I think I’ll save suicide for another year.

There is no official video for this song from the band, but I came across one that was highly appropriate.  It’s video footage of a group crossing the bridge over the Forth River.  It just works…


7 thoughts on “Euphonious Fridays – Floating in the Forth

  1. I really liked this song, Suzanne, despite its dark subject matter! “Frightened Rabbit” is a great band name too…will have to look for more of their stuff. Thanks!


  2. I agree with you that it works, especially with the windshield wipers clearing up the rain. I don’t know that they intended any of these things, but I like the subtlety of the camera panning over to the side and then, very importantly, back to the road ahead. Initially I thought that would have been better placed corresponding to one of the lines about saving suicide for another day (or year), but the subtlety or it not doing so is more poignant.

    The light up ahead in the distance is pretty cool, too. You get to the end and realize it’s just others heading in the other direction, but by then it’s already served as a beacon getting you safely to the other side.

    That final shot of the side drew me in to the other bridge, wondering who’s over there, what they’re thinking, and whether they’re going to make it to the other side, too.

    I was also initially disappointed at the pan of the friends who seemed happy. And then it seemed to me that that is just perfect. Anyone who’s ever been in that place of feeling so broken-hearted and alone can relate to feeling that way in a crowd of friends who are having fun. Those are the people who bring you back from that, even if they aren’t aware that they’re doing so. It’s important that they were there.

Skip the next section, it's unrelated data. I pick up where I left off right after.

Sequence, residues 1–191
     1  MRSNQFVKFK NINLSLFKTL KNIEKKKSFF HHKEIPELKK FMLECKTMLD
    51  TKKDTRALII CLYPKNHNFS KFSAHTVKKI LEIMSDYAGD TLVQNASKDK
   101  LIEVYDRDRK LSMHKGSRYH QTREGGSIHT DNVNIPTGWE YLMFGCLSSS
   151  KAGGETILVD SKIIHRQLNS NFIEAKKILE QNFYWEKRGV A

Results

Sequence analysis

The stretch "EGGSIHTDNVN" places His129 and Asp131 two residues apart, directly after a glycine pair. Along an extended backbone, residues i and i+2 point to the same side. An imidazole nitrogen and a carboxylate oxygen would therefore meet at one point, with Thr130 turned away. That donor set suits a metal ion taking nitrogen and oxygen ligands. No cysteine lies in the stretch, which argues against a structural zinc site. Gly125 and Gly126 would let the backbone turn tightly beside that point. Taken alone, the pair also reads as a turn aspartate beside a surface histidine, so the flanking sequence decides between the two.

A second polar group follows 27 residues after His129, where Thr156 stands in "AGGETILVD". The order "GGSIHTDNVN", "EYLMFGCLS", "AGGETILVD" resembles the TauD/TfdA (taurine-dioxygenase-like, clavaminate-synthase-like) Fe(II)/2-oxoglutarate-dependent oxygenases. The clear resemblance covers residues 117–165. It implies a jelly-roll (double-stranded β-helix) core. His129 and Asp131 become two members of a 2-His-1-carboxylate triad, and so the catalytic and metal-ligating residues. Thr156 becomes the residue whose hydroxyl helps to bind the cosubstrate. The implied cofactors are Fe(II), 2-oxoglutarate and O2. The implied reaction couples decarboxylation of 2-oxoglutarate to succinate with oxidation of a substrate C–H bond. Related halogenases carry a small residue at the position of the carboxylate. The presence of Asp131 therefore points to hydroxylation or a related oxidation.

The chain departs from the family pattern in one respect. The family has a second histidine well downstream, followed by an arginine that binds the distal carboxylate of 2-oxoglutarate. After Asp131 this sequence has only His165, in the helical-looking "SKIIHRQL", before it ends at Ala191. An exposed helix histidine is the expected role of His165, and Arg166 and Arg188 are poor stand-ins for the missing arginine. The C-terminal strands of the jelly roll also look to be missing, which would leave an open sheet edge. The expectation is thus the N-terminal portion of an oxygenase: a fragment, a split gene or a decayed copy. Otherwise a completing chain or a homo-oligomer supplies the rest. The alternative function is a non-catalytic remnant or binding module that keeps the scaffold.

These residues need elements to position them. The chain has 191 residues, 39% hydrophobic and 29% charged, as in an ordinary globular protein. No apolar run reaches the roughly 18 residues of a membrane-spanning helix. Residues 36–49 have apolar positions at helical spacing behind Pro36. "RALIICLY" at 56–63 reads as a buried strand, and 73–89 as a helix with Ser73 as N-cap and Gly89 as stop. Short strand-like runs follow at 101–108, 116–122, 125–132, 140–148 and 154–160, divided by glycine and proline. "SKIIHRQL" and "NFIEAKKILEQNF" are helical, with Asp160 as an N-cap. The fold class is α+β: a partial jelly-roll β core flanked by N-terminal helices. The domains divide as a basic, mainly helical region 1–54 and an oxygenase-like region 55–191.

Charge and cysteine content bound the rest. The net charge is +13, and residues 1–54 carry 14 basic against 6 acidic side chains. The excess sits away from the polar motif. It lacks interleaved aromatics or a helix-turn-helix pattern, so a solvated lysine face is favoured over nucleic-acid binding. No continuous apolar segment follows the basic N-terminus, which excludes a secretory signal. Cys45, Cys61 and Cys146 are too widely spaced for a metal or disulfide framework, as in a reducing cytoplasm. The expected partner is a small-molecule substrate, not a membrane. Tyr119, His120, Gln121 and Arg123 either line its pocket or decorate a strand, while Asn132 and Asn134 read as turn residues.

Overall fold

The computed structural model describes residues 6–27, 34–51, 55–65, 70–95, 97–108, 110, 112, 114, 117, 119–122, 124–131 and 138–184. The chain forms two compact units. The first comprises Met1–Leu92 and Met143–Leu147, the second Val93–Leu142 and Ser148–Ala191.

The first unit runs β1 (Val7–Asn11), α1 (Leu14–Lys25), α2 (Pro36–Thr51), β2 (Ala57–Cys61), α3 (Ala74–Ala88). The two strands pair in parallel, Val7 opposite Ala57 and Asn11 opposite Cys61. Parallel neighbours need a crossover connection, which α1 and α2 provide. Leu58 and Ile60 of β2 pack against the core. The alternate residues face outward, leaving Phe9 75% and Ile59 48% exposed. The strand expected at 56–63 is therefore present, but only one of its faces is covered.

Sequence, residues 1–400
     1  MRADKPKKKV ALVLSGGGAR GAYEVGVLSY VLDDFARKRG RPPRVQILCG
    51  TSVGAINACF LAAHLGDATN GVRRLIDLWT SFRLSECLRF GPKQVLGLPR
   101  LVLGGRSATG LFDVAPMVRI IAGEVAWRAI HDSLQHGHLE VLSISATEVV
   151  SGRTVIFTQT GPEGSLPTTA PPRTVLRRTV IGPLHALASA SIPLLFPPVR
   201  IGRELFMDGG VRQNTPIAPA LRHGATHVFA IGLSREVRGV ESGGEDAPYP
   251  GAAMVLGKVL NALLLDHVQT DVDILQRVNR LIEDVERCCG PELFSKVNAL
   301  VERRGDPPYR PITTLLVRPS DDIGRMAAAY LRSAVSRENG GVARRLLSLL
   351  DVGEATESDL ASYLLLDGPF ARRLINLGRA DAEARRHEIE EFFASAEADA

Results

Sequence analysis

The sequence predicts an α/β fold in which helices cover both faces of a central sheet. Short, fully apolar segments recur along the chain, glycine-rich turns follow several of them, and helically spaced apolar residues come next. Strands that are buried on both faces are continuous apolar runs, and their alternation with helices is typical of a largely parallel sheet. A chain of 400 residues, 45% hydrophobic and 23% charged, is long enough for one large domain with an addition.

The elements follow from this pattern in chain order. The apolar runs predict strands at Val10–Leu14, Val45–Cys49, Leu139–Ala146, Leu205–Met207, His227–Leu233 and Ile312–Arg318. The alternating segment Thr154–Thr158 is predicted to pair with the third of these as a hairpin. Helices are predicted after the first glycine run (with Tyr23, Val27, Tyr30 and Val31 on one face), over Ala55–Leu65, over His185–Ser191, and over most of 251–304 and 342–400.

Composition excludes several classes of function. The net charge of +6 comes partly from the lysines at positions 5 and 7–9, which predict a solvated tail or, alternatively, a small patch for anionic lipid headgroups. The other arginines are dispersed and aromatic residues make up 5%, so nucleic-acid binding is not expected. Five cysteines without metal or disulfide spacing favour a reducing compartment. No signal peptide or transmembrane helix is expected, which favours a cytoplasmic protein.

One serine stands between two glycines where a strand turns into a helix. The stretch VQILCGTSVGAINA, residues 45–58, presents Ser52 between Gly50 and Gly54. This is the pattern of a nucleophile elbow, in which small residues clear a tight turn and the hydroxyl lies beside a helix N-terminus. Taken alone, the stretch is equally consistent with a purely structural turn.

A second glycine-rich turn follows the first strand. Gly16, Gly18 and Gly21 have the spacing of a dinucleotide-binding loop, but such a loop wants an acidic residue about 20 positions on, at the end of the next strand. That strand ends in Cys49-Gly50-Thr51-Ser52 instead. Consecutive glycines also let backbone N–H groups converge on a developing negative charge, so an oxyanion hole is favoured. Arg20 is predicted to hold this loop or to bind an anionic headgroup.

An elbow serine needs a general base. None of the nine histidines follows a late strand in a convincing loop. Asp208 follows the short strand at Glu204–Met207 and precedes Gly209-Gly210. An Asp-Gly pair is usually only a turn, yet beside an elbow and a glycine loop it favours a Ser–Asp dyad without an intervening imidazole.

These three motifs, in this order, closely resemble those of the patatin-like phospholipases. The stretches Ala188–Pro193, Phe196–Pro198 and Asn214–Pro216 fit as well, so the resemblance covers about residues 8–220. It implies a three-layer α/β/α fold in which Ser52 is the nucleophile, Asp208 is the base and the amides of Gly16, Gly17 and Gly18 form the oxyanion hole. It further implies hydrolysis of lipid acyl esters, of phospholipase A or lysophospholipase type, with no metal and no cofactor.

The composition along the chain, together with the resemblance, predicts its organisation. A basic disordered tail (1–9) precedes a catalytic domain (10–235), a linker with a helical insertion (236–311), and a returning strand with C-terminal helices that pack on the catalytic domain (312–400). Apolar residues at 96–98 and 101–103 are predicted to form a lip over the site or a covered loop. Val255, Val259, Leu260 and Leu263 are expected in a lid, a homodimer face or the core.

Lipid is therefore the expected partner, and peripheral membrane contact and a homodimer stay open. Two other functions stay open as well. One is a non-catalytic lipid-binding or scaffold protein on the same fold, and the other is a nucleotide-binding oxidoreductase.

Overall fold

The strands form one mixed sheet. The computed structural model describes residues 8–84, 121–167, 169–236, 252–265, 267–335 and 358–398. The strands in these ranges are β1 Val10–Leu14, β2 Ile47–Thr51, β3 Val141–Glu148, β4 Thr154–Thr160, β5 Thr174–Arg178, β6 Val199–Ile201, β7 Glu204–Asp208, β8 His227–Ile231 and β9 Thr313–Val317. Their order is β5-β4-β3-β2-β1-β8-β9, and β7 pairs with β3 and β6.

I’m spending today hanging out on my deck watching folks enjoy their boats and listening to Marley, which I actually turned down so I could listen to this video. High praise, and oh so coincidentally, when I turned it back up, Redemption Song was on. Happy post-Rapture. We made it to the other side!

    • Attempt #2 at responding to your comment. Attempt #1 was rudely interrupted by some malware trying to rapture my computer away from me. But I digress…

      I’m so glad that you liked this song. It’s truly beautiful, if not heart breaking. I don’t honestly think that the people who uploaded the video really know how profound the mix of the two pieces ended up being. But if they did, they are more brilliant than even they know. I appreciate the fact that the bridge is actually the bridge that the singer had considered jumping from.

      I got a chill down my spine when you said that Redemption Song was playing when you returned from the video. But the good kind of chill. It’s not quite Marley-weather up here in Iqaluit…still snow on the ground and ice in the bay. Once things start to warm up, I’ll feel more in tune with dear ol’ Bob and will be jammin’ the summer away. Oh, and Finley Quaye too!

  3. Pingback: Euphonious Fridays – Lippy Kids « Massively Attacked